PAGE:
I don't know how it works but if the population of a species starts getting out of hand something seemingly unrelated will bring the population into balance. If there are too many rabbits in the field, the foxes will gain in population to control the rabbits. If nothing else, disease will prevail to bring about balance. If a disease is eradicated, another, different and possibly unheard of disease will become prevalent. I have to believe that AIDS and some of the other relatively new diseases are the result of nature trying to maintain a balance.

    The big question in my mind is: exactly what or who is "mother nature"?

    Good subject.

    Harrell S.
  7. Matthew Bryson

    Matthew Bryson Guest

    Jul 30, 2001
    You may have missed my point, which is simply that higher survival rates and longer life spans both are contributing to over-population, which is a huge problem.
    My opinion - organs should not be transplanted. In my opinion, scavanging human remains for spare parts is the epitome of sick and wrong. I'd rather die than go against the laws of nature. I am offended by this practice. I will not sign up as an organ donar, I would never receive a donated organ - even if some quack said it was the right thing to do.

    In the world I see - you are stalking elk through the damp canyon forests around the ruins of Rockefeller Center. You'll wear leather clothes that will last you the rest of your life. You'll climb the wrist-thick kudzu vines that wrap the Sears Tower. And when you look down, you'll see tiny figures pounding corn, laying strips of venison on the empty car pool lane of some abandoned superhighway.
  8. Oysterman


    Mar 30, 2000
    The ones who are kept alive are the people of the rich world, who are in minority. And to my knowledge, population isn't increasing that much in the western world (e.g. Sweden would have a population decrease without immigration). So this is not the problem IMO.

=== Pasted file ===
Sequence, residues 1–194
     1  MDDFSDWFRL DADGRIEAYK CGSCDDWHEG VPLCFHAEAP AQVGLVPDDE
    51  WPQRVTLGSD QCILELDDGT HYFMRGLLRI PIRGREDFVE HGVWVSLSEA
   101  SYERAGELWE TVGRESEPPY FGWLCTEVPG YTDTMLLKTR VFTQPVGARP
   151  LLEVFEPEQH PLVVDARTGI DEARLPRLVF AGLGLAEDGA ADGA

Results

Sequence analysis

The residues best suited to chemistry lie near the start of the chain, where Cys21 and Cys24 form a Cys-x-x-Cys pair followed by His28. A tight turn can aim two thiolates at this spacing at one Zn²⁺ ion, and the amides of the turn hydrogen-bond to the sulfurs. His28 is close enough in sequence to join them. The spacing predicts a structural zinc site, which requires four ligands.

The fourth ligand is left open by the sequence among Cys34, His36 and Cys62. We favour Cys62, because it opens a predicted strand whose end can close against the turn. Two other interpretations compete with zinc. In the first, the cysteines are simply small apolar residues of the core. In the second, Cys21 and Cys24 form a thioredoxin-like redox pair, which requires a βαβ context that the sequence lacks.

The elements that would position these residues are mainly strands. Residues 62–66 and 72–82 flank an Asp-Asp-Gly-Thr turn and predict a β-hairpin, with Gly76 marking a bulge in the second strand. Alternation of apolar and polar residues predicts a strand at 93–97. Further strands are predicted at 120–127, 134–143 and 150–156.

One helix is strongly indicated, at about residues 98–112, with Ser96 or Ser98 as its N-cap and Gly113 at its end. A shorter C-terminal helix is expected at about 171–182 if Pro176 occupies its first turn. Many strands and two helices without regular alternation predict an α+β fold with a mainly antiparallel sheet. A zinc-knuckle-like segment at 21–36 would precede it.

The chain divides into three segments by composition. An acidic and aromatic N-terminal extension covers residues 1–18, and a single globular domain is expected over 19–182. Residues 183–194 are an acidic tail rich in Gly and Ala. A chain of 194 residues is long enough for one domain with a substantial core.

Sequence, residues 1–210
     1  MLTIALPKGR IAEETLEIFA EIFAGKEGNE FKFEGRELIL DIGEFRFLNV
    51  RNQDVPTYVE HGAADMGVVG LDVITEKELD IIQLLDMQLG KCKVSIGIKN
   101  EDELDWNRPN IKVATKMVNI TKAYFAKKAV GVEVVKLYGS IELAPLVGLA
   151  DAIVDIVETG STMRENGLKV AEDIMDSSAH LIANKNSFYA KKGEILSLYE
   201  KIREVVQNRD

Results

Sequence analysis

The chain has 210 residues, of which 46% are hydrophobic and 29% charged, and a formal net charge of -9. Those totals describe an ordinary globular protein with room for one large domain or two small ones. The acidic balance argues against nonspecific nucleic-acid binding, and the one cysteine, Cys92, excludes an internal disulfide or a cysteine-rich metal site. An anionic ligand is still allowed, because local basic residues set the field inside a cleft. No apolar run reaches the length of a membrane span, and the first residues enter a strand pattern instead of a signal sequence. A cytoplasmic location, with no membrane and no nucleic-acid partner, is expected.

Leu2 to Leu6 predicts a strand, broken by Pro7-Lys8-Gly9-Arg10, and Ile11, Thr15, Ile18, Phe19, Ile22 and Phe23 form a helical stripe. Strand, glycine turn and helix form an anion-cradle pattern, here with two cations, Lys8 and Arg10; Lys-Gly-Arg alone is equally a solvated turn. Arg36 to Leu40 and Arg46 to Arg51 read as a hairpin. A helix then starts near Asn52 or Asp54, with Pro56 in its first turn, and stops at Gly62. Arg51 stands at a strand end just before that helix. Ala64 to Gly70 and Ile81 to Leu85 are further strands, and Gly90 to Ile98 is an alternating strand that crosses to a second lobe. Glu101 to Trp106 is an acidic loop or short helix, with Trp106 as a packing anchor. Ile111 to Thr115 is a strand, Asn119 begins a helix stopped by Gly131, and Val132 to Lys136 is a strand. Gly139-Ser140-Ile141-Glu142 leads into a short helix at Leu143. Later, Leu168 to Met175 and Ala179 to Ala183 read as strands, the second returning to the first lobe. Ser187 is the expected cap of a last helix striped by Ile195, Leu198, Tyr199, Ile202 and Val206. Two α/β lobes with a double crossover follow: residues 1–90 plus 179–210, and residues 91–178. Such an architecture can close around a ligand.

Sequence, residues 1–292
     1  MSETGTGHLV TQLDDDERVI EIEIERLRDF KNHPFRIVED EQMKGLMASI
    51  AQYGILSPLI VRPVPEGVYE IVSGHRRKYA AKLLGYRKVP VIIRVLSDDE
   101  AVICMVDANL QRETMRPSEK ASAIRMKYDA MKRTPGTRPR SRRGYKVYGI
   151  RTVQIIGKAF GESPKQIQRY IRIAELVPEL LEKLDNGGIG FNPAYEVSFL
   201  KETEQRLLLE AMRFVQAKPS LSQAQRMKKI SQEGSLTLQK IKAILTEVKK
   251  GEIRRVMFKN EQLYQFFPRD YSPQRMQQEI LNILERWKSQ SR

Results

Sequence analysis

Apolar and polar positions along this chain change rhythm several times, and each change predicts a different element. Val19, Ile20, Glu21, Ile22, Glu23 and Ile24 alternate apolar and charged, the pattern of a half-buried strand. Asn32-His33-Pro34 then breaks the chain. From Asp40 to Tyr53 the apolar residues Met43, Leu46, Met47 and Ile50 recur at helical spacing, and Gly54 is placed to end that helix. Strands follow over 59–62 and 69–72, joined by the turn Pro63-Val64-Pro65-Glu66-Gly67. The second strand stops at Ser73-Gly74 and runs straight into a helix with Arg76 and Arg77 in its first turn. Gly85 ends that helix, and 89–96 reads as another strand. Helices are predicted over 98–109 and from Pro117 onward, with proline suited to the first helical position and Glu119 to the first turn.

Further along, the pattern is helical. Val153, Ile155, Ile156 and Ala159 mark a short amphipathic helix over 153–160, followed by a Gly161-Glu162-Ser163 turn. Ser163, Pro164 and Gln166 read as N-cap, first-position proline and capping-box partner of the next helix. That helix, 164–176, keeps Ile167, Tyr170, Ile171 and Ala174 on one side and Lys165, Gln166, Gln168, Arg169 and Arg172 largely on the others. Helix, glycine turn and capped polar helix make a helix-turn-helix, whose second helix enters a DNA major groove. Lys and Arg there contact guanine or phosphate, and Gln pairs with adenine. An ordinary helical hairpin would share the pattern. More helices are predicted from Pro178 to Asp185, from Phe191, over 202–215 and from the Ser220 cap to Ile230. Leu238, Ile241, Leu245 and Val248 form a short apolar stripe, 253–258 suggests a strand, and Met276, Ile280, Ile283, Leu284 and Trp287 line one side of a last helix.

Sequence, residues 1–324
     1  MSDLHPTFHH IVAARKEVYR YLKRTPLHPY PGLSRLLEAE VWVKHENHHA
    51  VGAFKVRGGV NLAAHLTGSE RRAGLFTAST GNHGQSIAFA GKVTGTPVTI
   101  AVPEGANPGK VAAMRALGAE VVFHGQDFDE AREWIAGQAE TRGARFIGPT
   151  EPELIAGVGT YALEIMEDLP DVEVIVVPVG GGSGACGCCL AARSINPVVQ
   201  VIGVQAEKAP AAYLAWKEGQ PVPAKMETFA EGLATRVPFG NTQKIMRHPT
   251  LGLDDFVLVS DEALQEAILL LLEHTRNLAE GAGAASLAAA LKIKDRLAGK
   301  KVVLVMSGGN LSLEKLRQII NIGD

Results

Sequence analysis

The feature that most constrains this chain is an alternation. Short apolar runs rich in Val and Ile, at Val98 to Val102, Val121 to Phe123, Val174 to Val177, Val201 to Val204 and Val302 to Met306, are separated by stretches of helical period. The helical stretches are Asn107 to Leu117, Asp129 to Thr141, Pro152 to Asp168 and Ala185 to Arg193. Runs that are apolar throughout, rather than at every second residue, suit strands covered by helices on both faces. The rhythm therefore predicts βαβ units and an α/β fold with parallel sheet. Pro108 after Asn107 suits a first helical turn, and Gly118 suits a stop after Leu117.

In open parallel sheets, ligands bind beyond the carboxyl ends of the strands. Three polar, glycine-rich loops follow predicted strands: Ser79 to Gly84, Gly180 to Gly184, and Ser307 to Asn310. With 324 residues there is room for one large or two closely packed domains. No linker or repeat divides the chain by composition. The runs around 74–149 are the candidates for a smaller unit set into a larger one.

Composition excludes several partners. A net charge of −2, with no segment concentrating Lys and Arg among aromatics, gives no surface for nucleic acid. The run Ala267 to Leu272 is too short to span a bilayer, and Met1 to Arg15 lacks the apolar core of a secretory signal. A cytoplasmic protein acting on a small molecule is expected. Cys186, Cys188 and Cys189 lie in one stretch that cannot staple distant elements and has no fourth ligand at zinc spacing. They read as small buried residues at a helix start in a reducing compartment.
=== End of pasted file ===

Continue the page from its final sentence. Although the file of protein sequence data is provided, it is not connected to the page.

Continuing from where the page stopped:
When medicine becomes cheap and readily available all over the world, on the other hand... greed has prevented that from happening so far - could it be a blessing in disguise? :meh:
  9. Some questions:

    Isn't this pretty much how we were, but without the topographical land-marks? This is what we were - what we've come from. What makes you think that it would be any different? There'd still be too many people and they would live up to the "Homo Rapiens" monicker given to us now as they gorged themselves on the landscape. There's no such thing as a true environmentally friendly area. Our ecological footprint will still be huge, no matter what we do. With humans as we are, we're still going to have to rely on the environment giving us it's fruits for us to live simply because we're so appalling "made". We sacrificed all physical ability when we evolved from apes (unless of course you're Jehovas Witness or whatever...), and now we have to use whatever technology we have to restructure our situ to make it easier for us.

    Secondly, what is the point in un-doing the hard work of millions of people who have fought, struggled, and died to give us the things we today take for granted?

    Anyway, I had more to make a point of, but I need a wee.

  10. funkcicle


    Jan 9, 2004
    Asheville, NC
    is it? really? seriously? when was this proven? by whom? how? I presume there are detailed studies, documentation, and publications.. if it's a fact.

    is the earth's population the highest it's ever been? yes.

    is the earth over populated? no. not in the least.

    the inherent problem with these sorts of conversations is that they suppose likely future scenarios with outdated, past circumstances. no we're not invincible, our race might not last forever, heck, we may even overpopulate this planet one day... but I think that would take billions of people to do.. even by today's standards! the earth has almost always had the "highest population it's ever had".. and thusly, has almost always bordered on "overpopulation" by the standards of the day.

    I rented Logan's Run on DVD last week.. GREAT dolby surround sound! horrible(HORRIBLE!) movie! I've been wanting to rent it for a good 5 years or so now, it has such an intetresting premise, and so much potential to be a great movie.. I can't begin to fathom how on earth they managed to make it so awful! There's nothing worse than a director royally screwing up a great idea!

    ...might make a good remake, though! :D

    back on topic!

    I remember when I was in the 7th grade and my social studies teacher opened up a "Time Capsule from the Future".. it was laughably cliché, but still kind of fun. It was full of black-and-white portraits of people dressed in uniform, with 1980s haircuts.. newspaper clippings with ads for churches for sale, and an article about "The 6 Billionth Baby", a subtle hint at earth's overpopulation.. pen-pal letters talked of how everybody lived in high rises.. one kid "knew a kid" who claimed to have once walked on real grass... at school the teachers knew them by number and not by name, etc etc..